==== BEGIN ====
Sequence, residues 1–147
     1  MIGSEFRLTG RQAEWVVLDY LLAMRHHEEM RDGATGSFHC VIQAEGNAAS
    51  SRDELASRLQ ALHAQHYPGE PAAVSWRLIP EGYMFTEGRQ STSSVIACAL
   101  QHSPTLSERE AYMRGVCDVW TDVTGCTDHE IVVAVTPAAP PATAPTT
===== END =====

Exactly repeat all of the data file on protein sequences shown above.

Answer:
Sequence, residues 1–147
     1  MIGSEFRLTG RQAEWVVLDY LLAMRHHEEM RDGATGSFHC VIQAEGNAAS
    51  SRDELASRLQ ALHAQHYPGE PAAVSWRLIP EGYMFTEGRQ STSSVIACAL
   101  QHSPTLSERE AYMRGVCDVW TDVTGCTDHE IVVAVTPAAP PATAPTT